"Many of the established Republican strategists told me that young people would not visit my web site," she wrote. "I used to categorize many of the advisors in my father's campaign into one of two groups: those that 'respected' the Internet and those who didn't. It was a running line between me and my friends who worked on my site."
McCain also suggested the party's lack of online savvy greatly contributed to her father's defeat last November.
"The Obama administration understands that my generation spends most of its day on a laptop or a BlackBerry, and that using the Web is easy way to communicate their ideas to their constituents," she said. "Until the Republican Party joins the twenty-first century and learns how to use the Internet, its members will keep getting older and the youth of America will just keep logging on to the other side."
Several Republicans appear to have gotten the message. According to TweetCongress.org, more Republicans are now on the popular social networking site Twitter than are Democrats. And the recent election for the Republican Party Chairman heavily revolved around who was best positioned to modernize the party's use of technology.
BEIJING, China (CNN) - When Hillary Clinton visits Beijing this week, her Chinese hosts will closely watch her body language and parse her every word. Her first trip here as the U.S. secretary of state comes in the shadow of the global financial crisis, the pressing North Korea nuclear issue and a warming planet.
The U.S. Congress has passed a massive stimulus bill that will plunge America even deeper into debt. Will China help out?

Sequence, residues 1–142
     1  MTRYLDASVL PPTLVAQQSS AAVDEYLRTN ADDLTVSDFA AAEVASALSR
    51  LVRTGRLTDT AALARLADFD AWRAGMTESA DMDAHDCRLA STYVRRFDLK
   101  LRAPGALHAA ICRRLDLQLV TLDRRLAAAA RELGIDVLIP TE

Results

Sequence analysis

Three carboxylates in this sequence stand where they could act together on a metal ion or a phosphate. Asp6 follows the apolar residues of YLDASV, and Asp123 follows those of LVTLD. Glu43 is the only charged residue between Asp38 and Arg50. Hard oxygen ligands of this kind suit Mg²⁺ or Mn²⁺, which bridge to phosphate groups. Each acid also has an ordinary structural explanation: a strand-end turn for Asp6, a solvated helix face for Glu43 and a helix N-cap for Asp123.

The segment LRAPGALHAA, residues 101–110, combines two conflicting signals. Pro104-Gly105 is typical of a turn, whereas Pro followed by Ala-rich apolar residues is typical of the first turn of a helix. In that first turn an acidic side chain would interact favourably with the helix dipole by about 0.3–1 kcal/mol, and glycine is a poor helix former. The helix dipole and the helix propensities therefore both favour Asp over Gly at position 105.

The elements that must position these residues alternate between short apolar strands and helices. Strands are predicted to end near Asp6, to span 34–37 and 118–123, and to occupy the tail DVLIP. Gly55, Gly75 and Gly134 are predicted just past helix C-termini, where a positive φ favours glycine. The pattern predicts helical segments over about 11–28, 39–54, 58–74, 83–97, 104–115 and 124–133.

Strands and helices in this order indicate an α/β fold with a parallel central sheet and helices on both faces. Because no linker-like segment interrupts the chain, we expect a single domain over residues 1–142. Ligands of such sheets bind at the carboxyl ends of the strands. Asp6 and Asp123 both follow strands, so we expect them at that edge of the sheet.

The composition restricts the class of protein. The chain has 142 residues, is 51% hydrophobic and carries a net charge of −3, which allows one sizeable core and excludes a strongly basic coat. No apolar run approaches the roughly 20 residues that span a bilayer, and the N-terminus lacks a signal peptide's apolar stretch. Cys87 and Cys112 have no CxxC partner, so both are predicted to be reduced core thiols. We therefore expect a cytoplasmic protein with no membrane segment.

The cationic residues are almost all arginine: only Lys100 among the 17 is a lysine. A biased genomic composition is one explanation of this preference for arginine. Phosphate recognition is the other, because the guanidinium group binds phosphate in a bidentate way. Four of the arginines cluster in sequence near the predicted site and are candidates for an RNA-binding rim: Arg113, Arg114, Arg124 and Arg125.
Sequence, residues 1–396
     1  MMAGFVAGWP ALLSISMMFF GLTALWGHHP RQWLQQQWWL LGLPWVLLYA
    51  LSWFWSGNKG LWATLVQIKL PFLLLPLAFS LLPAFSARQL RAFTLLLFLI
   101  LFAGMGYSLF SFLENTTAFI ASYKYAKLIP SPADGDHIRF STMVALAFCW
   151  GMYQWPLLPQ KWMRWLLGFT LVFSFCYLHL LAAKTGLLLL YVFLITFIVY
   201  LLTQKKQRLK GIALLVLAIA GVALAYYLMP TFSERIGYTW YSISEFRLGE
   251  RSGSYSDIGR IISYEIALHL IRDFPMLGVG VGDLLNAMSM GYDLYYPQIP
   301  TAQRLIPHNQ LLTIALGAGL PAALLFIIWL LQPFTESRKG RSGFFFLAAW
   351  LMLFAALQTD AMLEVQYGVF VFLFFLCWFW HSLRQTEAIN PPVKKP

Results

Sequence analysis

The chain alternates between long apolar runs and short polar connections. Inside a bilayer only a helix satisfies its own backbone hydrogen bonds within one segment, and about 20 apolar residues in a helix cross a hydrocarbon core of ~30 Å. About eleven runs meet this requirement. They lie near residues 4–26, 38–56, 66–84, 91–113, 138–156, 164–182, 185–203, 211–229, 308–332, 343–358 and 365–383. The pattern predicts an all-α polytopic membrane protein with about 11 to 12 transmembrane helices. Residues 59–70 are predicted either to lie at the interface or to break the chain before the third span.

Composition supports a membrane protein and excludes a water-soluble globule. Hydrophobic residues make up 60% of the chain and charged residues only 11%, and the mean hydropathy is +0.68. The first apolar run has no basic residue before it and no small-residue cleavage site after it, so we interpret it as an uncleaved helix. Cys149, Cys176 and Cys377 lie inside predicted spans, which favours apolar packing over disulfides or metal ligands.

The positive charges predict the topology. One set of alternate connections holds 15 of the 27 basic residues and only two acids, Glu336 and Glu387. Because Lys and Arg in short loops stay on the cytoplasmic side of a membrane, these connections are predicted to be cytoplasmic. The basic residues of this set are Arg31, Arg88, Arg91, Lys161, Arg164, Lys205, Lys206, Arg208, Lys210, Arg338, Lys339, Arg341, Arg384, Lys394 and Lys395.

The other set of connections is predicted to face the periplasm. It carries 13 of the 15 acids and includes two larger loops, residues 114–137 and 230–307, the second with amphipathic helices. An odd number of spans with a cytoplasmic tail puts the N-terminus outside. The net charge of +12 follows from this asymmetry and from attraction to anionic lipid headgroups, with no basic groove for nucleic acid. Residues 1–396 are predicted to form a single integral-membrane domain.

About $700 billion of China's $1.9 trillion of foreign reserves are in U.S. Treasuries. If China sold those assets, U.S. interest rates would spike and would further decimate China's export industries. Such a scenario would be distasteful for both Washington and Beijing, and that's why it's critical that Clinton convince the Chinese to hold this arrangement together.
Why should China buy even more?
"There's some protectionist language in the stimulus package," said James McGregor, who runs JL Mcgregor & Company, a business consulting company in Beijing. "During the campaign, Hillary called on the president (George W. Bush) not to attend the opening ceremony of the Beijing Olympics. China doesn't know what to think of them. She's got to come here to build trust." The stakes are high for America.
NEW YORK (CNN) - A day after publishing a cartoon that drew fire from critics who said it evoked historically racist images, the New York Post apologized in a statement on its Web site - even as it defended its action and blasted some detractors.
Many of those critical of the cartoon said it appeared to compare President Barack Obama to a chimpanzee in a commentary on his recently approved economic stimulus package.
"Wednesday's Page Six cartoon - caricaturing Monday's police shooting of a chimpanzee in Connecticut - has created considerable controversy," the paper said about the drawing, which shows two police officers standing over the body of a chimpanzee they just shot.
The drawing is a reference to the mauling of a woman by a pet chimpanzee, which was then killed by police. In the cartoon, one of the officers tells the other, "They'll have to find someone else to write the next stimulus bill."
The Post said the cartoon was meant to mock what it called an "ineptly written" stimulus bill.
For the latest political news: www.CNNPolitics.com.
CNN: New York Post apologizes for, yet still defends, chimp cartoon
A day after publishing a cartoon that drew fire from critics who said it evoked historically racist images, the New York Post apologized in a statement on its Web site - even as it defended its action and blasted some detractors.
CNN: Roy Blunt's announcement sets up showdown in Missouri
Missouri Rep. Roy Blunt Thursday announced his intention to run for a seat in the U.S. Senate, a move that sets up what is likely to be a showdown between two prominent families in one of the country's most politically divided states.
CNN: Clyburn: Stimulus opponents are insulting African-Americans
Democratic Rep. James Clyburn of South Carolina said Thursday that GOP governors who oppose the stimulus bill are giving African-Americans “a slap in the face.”